Medall Healthcare, India’s fastest-growing integrated diagnostics services provider has seen an alarming increase in the percentage of prediabetics among younger age groups. Medall’s data analysis on the results of tests from 2017 at centres across South India, shows an increasing trend in the prevalence of Obesity and Diabetes.
Medall’s data mining on the results of almost 9 lakh HbA1c tests undertaken & almost 2 lakh BMI values show an increasing trend in the prevalence of non-communicable diseases, such as Obesity, Diabetes, Hypertension and Dyslipidaemia, is on the rise and is expected to increase considerably in India. These findings are from Medall’s database of lab values for over a period of 6 years across South India. The primary factor for the increase in obesity is lack of physical activity and unhealthy food habits. Obesity causes increased levels of fatty acids and inflammation, leading to insulin resistance, which in turn can lead to type 2 diabetes.
The HbA1c test measures how much glucose is bound to red blood cells. This test shows the average level of glucose in the blood for the past 3-4 months. BMI is the standard indicator of body fat for most people. It is used to screen for weight categories that may lead to health problems.
Dr. Akila Ravikumar, Wellness Consultant, Medall said, “Although diabetes figures are high, it’s a fact that at least 60% of cases remain undiagnosed. This is particularly concerning, as the risk of serious complications increases when people do not take steps to do the periodic health checks, which can help them identify problems early. In India, abdominal obesity is one of the major risk factors for cardiovascular disease (CVDs) and diabetes. Various studies have shown that the prevalence of obesity among women were significantly higher as compared to men. Obesity is one of the main medical and financial burdens for the government. There is also strong evidence that Indians have a greater degree of insulin resistance that can convert as Diabetes if not identified and corrected early.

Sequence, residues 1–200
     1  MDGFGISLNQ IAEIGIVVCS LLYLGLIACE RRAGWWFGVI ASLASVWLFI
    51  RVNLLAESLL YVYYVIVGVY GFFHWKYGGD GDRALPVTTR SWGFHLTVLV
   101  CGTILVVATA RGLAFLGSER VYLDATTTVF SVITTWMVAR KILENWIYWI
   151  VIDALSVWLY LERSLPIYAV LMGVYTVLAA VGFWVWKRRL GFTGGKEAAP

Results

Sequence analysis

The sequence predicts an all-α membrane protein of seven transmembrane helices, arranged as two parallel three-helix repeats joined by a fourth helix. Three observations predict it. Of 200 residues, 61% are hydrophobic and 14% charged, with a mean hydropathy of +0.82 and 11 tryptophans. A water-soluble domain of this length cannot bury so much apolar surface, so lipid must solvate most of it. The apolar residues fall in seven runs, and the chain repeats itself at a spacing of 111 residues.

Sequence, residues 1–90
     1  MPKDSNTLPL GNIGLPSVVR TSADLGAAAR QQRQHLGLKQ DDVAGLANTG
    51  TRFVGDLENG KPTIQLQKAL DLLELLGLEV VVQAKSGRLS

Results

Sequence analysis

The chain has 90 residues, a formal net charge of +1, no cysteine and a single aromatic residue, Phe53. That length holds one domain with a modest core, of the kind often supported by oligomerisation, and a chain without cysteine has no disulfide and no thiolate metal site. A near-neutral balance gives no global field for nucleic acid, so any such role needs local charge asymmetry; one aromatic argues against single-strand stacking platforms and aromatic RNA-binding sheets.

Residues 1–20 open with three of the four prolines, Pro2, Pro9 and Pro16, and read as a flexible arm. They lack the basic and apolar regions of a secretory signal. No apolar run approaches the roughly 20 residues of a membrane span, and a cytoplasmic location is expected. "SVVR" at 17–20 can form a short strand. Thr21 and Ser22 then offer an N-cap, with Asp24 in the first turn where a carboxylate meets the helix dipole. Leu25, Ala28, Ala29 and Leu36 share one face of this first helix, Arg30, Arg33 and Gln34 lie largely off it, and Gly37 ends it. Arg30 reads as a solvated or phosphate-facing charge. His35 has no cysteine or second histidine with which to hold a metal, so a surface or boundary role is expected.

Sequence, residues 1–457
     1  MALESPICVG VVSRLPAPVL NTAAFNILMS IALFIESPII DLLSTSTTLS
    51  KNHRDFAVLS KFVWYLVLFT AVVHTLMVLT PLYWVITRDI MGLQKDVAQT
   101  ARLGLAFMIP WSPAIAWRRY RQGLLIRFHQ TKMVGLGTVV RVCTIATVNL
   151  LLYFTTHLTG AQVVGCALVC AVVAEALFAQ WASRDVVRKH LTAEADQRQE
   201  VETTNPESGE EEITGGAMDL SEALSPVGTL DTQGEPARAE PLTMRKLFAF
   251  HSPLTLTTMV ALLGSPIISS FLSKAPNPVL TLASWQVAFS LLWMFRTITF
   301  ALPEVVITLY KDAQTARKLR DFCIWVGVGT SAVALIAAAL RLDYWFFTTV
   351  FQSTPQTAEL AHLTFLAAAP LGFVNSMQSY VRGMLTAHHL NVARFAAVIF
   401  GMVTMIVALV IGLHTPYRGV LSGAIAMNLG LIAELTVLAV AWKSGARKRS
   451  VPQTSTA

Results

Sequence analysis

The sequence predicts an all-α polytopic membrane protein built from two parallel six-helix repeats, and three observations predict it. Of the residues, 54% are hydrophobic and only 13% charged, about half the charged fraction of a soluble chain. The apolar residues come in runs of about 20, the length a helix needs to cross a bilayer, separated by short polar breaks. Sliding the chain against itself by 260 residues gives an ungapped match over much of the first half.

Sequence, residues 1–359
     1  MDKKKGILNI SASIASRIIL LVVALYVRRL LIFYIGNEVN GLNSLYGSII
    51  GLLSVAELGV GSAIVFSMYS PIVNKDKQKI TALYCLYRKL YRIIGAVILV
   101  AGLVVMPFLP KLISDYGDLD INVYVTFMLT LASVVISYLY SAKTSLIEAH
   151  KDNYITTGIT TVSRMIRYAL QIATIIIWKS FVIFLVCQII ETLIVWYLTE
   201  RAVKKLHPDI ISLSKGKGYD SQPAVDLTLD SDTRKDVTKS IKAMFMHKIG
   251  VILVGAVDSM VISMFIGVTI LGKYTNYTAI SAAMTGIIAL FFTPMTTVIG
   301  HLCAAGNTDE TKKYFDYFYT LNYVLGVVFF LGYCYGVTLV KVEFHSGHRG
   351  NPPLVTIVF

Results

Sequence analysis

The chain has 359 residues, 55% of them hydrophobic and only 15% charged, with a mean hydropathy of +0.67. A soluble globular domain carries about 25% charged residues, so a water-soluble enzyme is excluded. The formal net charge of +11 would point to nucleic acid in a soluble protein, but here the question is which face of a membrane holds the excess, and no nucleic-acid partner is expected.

It is a common misconception that these chronic conditions are identified mostly in older people. Year-on-year statistics show an increasing trend of prediabetes in younger age groups. Among the age group of 20-39, 21% were prediabetic in 2017 which has now increased to 32% in 2022. It is important to note that prediabetes can be reversed if diagnosed at an early stage. The analysis also clearly shows a steady increase in % of diabetes prevalence in patients aged 40-69.
As mentioned above, unchecked obesity can lead to insulin resistance and Type 2 diabetes, and this is a growing concern. The Table below highlights the proportion of Overweight/Obese individuals by Age Group. It is observed that in almost all age groups, there are more people in the “Overweight” or “Obese” categories than in the “Normal” category.
(Source: Medall Data)
Covid-19 pandemic has further emphasized the importance of early identification and management of chronic conditions such as Diabetes, Obesity, and Hypertension. This is a clear indicator that there is a need for preventive health checks, especially in early adulthood. If anyone experiences a weight change or develops signs or symptoms of diabetes, such as increased thirst, increased urination, fatigue or blurred vision they should get a diabetes check and consult a doctor.
Arjun Ananth, CEO, Medall said, “It is important that we need to be aware of the impact of lifestyle choices on our health. Our data analysis shows that the younger age group in India is also prone to non-communicable diseases due to lifestyle changes and this trend is alarming. At Medall, we encourage health checks at regular intervals to keep track of metabolic disorders. Our health checks are designed with that in mind and our ‘blume’ program has consistently shown that diabetes and obesity can be reversed”.
In India, more than 135 million individuals were affected by obesity. The prevalence of obesity in India varies due to age, gender, geographical environment, socio-economic status, etc. According to the IDF, prevalence of diabetes will double globally from 171 million in 2000 to 366 million in 2030, with a maximum increase in India. Shockingly, India would be home to almost 100 million patients with diabetes by 2030.